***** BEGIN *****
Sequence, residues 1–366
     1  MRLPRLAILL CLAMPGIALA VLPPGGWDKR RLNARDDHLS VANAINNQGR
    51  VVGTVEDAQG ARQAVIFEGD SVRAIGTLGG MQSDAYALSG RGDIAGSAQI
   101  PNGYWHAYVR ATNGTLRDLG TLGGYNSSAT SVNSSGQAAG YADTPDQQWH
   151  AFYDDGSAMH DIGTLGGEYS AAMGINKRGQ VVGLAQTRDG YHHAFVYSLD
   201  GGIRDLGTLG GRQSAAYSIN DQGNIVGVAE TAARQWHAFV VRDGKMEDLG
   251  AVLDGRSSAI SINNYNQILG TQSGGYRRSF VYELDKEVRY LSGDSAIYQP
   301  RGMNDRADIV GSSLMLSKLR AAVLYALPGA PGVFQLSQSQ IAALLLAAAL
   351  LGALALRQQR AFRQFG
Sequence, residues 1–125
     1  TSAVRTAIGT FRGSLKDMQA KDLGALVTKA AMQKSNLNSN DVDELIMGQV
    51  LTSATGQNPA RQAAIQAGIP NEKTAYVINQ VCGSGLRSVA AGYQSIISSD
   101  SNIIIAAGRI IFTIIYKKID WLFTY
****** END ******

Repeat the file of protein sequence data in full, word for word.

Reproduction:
Sequence, residues 1–366
     1  MRLPRLAILL CLAMPGIALA VLPPGGWDKR RLNARDDHLS VANAINNQGR
    51  VVGTVEDAQG ARQAVIFEGD SVRAIGTLGG MQSDAYALSG RGDIAGSAQI
   101  PNGYWHAYVR ATNGTLRDLG TLGGYNSSAT SVNSSGQAAG YADTPDQQWH
   151  AFYDDGSAMH DIGTLGGEYS AAMGINKRGQ VVGLAQTRDG YHHAFVYSLD
   201  GGIRDLGTLG GRQSAAYSIN DQGNIVGVAE TAARQWHAFV VRDGKMEDLG
   251  AVLDGRSSAI SINNYNQILG TQSGGYRRSF VYELDKEVRY LSGDSAIYQP
   301  RGMNDRADIV GSSLMLSKLR AAVLYALPGA PGVFQLSQSQ IAALLLAAAL
   351  LGALALRQQR AFRQFG
Sequence, residues 1–125
     1  TSAVRTAIGT FRGSLKDMQA KDLGALVTKA AMQKSNLNSN DVDELIMGQV
    51  LTSATGQNPA RQAAIQAGIP NEKTAYVINQ VCGSGLRSVA AGYQSIISSD
   101  SNIIIAAGRI IFTIIYKKID WLFTY